NWNH had extensive coverage of OIR science and instrumentation, whereas the VVPS focus was primarily on space-based missions. VVPS highlighted LSST as important for solar system studies of near-Earth objects, Kuiper Belt objects, and comets, and noted that NASA access to the Infrared Telescope Facility (IRTF) and W.M. Keck Observatory as well as access to Keck, Magellan, and MMT (formerly the Multiple Mirror Telescope) through the Telescope System Instrumentation Program (TSIP), enabled critical observations for planetary studies, partly to support space-based planetary missions. VVPS supported the recommendations and priorities of NWNH regarding LSST and future giant telescopes.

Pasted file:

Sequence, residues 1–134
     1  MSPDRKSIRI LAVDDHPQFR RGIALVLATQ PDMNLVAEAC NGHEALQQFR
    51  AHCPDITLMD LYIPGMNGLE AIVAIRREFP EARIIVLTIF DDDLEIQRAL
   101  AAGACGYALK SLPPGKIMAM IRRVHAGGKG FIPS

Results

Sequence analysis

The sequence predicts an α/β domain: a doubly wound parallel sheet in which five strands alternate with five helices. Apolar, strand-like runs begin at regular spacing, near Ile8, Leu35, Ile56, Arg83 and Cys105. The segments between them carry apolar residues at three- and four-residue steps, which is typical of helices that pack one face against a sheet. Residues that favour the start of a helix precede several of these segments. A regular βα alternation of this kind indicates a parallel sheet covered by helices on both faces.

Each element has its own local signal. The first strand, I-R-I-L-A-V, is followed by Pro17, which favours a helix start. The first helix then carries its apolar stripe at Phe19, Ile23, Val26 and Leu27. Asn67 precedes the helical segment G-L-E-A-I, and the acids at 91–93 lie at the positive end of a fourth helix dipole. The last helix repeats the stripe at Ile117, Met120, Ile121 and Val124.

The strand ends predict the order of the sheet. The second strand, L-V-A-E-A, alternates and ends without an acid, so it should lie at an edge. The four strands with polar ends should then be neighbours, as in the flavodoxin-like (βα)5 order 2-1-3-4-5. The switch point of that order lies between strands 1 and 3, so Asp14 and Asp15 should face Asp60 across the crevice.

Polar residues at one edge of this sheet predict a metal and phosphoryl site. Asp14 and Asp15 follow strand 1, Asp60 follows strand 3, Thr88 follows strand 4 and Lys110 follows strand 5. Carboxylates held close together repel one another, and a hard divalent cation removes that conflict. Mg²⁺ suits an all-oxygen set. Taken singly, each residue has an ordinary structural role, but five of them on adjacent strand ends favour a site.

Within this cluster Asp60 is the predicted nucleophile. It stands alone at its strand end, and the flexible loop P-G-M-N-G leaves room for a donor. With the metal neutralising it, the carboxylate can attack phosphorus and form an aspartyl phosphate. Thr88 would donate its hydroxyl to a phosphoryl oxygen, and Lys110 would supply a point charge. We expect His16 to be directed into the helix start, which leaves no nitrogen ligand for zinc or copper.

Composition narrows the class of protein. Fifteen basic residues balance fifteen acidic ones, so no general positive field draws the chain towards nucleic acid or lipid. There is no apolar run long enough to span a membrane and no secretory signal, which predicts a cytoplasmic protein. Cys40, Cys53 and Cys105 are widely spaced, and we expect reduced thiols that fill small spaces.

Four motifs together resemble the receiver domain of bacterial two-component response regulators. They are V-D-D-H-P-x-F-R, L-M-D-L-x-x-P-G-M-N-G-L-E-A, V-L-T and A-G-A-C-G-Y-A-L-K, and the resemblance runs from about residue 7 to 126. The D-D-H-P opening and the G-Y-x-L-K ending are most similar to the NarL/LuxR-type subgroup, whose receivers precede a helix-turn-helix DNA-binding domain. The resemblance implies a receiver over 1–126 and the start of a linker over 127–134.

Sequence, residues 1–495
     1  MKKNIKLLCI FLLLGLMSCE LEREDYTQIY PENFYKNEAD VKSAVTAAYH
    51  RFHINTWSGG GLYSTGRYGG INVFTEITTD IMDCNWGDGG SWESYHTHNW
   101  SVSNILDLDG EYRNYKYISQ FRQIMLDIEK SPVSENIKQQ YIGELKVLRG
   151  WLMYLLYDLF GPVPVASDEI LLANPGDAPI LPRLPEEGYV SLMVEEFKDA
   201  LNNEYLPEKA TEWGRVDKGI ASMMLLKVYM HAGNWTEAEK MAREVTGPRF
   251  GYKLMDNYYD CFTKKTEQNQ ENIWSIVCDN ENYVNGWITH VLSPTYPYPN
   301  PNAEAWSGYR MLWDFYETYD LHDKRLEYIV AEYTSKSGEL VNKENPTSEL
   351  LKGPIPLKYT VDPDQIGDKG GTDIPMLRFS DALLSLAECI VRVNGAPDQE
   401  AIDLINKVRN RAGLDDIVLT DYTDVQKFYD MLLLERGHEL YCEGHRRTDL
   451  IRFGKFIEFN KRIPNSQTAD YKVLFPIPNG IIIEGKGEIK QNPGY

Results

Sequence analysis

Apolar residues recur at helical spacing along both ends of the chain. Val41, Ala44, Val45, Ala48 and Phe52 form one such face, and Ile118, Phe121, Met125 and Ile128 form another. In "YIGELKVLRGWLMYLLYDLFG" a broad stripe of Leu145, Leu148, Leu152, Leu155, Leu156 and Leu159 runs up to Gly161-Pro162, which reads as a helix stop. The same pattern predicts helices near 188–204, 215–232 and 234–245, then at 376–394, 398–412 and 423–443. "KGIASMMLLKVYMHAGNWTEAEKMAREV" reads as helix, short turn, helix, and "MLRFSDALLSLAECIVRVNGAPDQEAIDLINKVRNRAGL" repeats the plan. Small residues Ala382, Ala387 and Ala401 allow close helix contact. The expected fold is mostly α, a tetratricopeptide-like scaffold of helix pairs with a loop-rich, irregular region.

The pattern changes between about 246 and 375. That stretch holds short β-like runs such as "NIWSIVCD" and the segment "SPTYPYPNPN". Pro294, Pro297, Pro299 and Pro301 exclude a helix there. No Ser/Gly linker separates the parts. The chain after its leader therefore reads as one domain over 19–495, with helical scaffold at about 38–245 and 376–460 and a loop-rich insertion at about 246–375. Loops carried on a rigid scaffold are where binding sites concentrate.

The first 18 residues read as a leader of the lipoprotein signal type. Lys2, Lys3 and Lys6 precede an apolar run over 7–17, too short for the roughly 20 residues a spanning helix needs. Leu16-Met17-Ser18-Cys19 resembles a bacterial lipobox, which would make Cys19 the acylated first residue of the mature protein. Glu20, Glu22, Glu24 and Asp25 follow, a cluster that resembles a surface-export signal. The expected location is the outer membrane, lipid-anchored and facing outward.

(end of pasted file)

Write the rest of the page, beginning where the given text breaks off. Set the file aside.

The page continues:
Through discussions with NSF AST officers, the committee interpreted the charge in the context of the statement of task as well as the report title that was given in the NSF project prospectus. Thus, LSST was taken to be one of the central components of the study, and the report was to include all other elements of ground-based OIR astronomy in the United States as well. The “LSST era” was interpreted to emphasize the democratization of cutting-edge astronomy that will be enabled through massive surveys made available in an accessible format to the entire U.S. professional astronomical community, as well as the collaborative and synergistic efforts needed with giant (TMT, GMT) telescopes and with the rest of the OIR System. The committee was also explicitly asked by NSF to consider whether the Southern Astrophysical Research (SOAR) telescope might have a future role for follow-up observations. The committee limited the inventory of U.S. OIR facilities to telescopes with apertures 2 meters or larger in order to be complete at this level, although in several places the importance of telescopes smaller than this is noted. NSF asked the committee to consider any science advantages in coordinating federal telescopes but instructed that such coordination should not involve a discussion of the current management or possible efficiencies through merged management. For all topics, the discussion was to be centered on science drivers.